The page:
Lemon balm is a vigorous plant which likes to spread itself about and can grow up to two feet high, so you do have to keep your eye on it, but the bees love it.
Lemon Balm (Melissa officinalis), is a member of the mint family, and like mint, the leaves make a delicious herbal tea, which is believed to possess anti-inflammatory, antibacterial and antiseptic properties. It is also used to combat stress and anxiety as well as help with indigestion.
The young, sweet leaves make a tangy addition to spring salads.
As a herbal tea, it does not contain caffeine which explains why it may be beneficial for calming frazzled nerves and soothing anxiety.
Typically, lemon balm tea is made by steeping fresh plant cuttings in boiling water. The tea can be drunk hot or cold. You can also make it using dried lemon balm leaves, although the drying process may cause the leaves to lose some of their flavour.
Lemon Balm Tea Recipe
2 cups of boiling water
2 teaspoons of fresh or 1 teaspoon of dried lemon balm leaves
Honey to sweeten (optional)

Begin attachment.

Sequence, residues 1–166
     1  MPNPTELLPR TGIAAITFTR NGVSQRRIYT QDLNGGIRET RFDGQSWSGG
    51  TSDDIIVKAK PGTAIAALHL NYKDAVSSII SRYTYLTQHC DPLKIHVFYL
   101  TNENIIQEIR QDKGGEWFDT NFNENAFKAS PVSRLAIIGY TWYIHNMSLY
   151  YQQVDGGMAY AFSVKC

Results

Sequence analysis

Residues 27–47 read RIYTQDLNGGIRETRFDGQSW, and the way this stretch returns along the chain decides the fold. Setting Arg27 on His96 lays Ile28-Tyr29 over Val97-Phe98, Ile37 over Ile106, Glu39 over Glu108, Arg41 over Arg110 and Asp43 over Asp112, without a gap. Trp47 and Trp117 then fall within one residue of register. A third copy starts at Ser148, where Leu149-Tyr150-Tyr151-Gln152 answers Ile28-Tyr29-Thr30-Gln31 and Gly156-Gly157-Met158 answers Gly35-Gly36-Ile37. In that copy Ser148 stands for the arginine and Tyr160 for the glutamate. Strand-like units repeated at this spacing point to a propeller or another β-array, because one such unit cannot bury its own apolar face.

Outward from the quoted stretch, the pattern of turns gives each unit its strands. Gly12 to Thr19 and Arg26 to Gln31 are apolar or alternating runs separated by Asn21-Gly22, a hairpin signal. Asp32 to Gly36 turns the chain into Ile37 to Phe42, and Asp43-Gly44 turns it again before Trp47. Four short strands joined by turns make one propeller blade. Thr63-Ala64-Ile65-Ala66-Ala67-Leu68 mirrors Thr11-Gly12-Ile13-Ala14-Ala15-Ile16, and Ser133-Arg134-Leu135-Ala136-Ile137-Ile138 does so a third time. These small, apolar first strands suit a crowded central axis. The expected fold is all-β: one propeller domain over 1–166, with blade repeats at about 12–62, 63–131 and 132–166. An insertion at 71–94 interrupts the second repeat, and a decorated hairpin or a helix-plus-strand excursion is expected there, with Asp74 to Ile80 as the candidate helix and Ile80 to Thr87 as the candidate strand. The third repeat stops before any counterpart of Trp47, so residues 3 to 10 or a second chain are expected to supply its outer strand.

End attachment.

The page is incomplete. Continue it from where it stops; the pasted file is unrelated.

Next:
Pour the boiling water over the (dried) lemon balm leaves. Infuse the mixture for up to 10 minutes and chill (if preferred).
- Avoid drinking lemon balm tea if you’re allergic to other plants of the mint family because it may increase your risk for an allergic reaction.
- If you’re undergoing a surgical procedure, do not drink lemon balm tea two weeks before it, because the tea’s sedative nature may negatively interact with the anesthesia.
- If you are pregnant or breastfeeding, consult with your doctor about the safety of lemon balm tea.
- This tea can be safely consumed by children in small amounts.
If you are going to forage for lemon balm, please follow the simple guidelines:
- Always be sure you are sure of the plant before you pick it and never eat any plant you are unsure of.
- Leave plenty behind for wildlife.
- Make sure you have permission to pick
- Only pick where plants are plentiful